Newbury-headquartered telecommunications company Vodafone has announced that it will remove its stage branding from New Zealand music festival Rhythm and Vines – but only during the performance of London-based rapper Dizzee Rascal, without nixing the overarching sponsorship deal.
Vodafone’s partial pullback from Gisborne’s Rhythm and Vines, which kicked off today and features performances from acts including Sure Boy, No Cigar, and Kaylee Bell, just recently came to light in reports from multiple New Zealand-based outlets.
And these reports, complete with carefully worded statements from Vodafone execs, arrived after criticism was directed towards the decision to book Dizzee Rascal (real name Dylan Mills). The 38-year-old rapper, who is scheduled to perform at Rhythm and Vines tomorrow, was in April of this year sentenced after being “found guilty of attacking” his former fiancée, according to the BBC.
Said attack saw Dizzee Rascal harm the victim “by pressing his forehead against hers and pushing her to the ground during a ‘chaotic’ row,” per the same source’s description of the trial. The “Dance Wiv Me” artist “was given a community order with a 24-week curfew and told he must wear an electronic tag,” the BBC relayed, with the presiding judge having described his behavior as “‘abusive and aggressive.’”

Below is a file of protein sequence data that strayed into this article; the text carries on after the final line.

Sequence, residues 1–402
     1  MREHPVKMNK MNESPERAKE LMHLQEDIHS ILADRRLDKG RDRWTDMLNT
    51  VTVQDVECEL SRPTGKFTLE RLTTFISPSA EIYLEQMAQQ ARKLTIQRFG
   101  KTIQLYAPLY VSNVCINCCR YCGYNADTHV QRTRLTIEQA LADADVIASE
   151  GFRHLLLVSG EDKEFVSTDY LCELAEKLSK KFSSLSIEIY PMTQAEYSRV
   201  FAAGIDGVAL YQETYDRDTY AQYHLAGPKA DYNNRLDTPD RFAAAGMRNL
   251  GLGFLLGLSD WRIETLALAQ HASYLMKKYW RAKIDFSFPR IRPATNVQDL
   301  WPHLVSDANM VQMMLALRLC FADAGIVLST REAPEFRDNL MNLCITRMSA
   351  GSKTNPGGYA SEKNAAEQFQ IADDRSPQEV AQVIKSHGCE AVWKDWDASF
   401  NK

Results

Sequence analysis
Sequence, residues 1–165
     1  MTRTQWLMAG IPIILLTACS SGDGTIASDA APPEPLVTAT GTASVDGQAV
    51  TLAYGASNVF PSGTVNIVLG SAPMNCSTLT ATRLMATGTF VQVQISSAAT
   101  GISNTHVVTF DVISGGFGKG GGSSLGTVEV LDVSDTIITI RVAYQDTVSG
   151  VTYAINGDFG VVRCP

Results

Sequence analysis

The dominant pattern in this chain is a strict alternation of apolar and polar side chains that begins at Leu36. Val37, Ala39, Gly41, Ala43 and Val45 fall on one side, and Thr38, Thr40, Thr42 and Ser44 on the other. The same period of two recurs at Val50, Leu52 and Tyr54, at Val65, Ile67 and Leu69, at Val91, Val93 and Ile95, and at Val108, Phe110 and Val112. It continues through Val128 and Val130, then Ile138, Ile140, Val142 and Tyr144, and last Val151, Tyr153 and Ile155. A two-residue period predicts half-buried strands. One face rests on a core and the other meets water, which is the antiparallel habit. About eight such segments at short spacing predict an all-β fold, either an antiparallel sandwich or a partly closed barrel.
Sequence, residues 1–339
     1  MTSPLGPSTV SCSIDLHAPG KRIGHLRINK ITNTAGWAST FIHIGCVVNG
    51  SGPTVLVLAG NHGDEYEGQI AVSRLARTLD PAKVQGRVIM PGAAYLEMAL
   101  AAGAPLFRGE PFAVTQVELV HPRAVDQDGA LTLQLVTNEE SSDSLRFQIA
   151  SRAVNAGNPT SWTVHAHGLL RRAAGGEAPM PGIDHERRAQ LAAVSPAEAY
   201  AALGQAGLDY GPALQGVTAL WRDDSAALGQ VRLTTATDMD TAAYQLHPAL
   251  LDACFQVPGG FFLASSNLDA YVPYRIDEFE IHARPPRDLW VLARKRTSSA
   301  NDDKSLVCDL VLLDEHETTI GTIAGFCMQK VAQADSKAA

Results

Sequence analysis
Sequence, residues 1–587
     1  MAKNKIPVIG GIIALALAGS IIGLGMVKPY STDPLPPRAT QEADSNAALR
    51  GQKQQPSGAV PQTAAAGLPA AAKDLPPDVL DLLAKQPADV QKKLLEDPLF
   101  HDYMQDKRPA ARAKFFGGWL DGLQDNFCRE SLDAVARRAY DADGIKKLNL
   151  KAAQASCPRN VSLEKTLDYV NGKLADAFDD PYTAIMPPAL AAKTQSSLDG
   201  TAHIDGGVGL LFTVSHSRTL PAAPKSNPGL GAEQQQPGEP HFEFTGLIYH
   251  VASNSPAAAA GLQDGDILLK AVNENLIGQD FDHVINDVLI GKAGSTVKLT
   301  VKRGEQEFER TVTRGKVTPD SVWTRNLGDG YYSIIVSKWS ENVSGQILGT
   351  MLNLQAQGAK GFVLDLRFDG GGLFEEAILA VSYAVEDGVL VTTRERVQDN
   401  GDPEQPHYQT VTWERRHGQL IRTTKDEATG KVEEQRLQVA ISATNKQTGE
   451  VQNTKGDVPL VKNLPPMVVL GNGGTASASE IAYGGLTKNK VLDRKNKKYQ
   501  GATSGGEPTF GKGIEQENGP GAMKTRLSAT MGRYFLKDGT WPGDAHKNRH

(Needless to say, Dizzee didn’t help himself or his media image when he allegedly smashed a reporter’s camera after being found guilty.)
Predictably, certain fans and advocacy organizations promptly protested the decision to keep Dizzee Rascal (who boasts 3.04 million monthly Spotify listeners) on the Rhythm and Vines billing, and some questioned the decision to let him enter New Zealand at all.
Though organizers didn’t cave to the public pressure and pull the controversial creator, Vodafone opted to remove its branding from the 19-year-old festival only during Dizzee Rascal’s set.
Despite being “extremely disappointed” by Dizzee Rascal’s Rhythm and Vines participation, Vodafone emphasized in public remarks its ongoing support for the festival and the other involved artists. Of course, members of the music community have grappled with unprecedented difficulties due to COVID-19 lockdown measures and related restrictions, and touring challenges haven’t abated in 2022.
“We remain supportive of Rhythm & Vines and will continue our sponsorship of the many great musicians and acts that are appearing,” communicated Conor Roberts, who signed on as Vodafone’s New Zealand head of corporate affairs three months back.
“We’re committed to supporting the industry and local artists who have done it tough these past few years,” proceeded Roberts, whose employer has long sponsored the Aotearoa Music Awards and is expected to rebrand its New Zealand operations as One NZ in 2023.